Sunday, October 24, 2010

- judging ourselves -

We are our own biggest supporters.

We believe that our strengths are unique and that our failures are either 1) not our own fault or 2) extremely common. Your classmate's high grades aren't that impressive - you could easily match those if you wanted to. Who cares if you don't get much done at work? Not like anyone else is putting up extra effort - and even if they did, they probably don't have as much going on as you do.

We fall victim to self-serving bias all the time. An interesting experiment my psych prof once recommended: take out a notepad and jot down every time you make an excuse for a failure. You'll be amazed at how long the list will get.

And that's exactly why self-serving bias not a problem: our self-esteem would be battered without that spiffy little mechanism. High self-esteem makes us think we can be great things. High self-esteem makes us think we can achieve big things. And if we believe we can do it, our chances of succeeding actually increase.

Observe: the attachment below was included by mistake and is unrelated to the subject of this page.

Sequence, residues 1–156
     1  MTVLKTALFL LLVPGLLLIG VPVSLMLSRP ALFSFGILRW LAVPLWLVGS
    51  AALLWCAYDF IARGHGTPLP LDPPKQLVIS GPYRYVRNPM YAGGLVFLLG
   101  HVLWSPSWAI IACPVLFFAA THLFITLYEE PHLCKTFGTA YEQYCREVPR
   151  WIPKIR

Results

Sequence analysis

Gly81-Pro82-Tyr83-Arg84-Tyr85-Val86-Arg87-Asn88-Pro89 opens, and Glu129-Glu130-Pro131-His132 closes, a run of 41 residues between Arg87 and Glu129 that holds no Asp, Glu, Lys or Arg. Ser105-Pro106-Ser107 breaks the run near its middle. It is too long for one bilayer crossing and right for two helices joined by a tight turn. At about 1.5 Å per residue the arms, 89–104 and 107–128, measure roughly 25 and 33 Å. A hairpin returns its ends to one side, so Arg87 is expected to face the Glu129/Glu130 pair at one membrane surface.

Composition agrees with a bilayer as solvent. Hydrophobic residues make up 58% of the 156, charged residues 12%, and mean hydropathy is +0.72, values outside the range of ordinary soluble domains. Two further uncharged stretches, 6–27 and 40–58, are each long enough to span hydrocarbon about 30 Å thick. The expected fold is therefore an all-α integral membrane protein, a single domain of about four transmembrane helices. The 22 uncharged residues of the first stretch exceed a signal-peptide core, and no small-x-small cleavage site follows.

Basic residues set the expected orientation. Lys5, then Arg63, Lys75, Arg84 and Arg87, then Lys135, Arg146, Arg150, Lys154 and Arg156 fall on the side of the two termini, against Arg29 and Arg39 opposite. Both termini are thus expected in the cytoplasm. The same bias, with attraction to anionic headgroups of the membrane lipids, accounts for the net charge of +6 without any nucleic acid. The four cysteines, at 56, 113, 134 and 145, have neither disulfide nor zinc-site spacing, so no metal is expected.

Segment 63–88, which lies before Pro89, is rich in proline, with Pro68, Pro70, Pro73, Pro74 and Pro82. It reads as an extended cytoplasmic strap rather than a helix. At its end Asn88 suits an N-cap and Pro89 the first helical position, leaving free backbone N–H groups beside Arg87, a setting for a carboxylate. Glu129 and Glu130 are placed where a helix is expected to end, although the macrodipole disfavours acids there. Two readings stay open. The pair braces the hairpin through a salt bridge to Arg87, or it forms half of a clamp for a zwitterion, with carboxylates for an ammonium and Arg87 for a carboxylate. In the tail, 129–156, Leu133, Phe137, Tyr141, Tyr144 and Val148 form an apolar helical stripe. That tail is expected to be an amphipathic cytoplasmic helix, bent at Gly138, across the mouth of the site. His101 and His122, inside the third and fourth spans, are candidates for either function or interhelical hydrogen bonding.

The key to balancing is to be our own biggest critic.

After all, criticism is easier to swallow when it comes from yourself.

2 comments:

Renae said...

lol i find this is totally not true for me...i do the opposite on all accounts. And even if I know that I am making excuses, it hardly ever helps to get me to work. I constantly feel like I can do better in class, work harder, and even if I get high marks I put myself down too. And it doesn't help...I just stare at the wall going...omfggg I have to do this but I-just-can't.

Echo said...

try reading "getting things done" ! it has a ton of tips on how to get things done, and i found some of them pretty helpful =)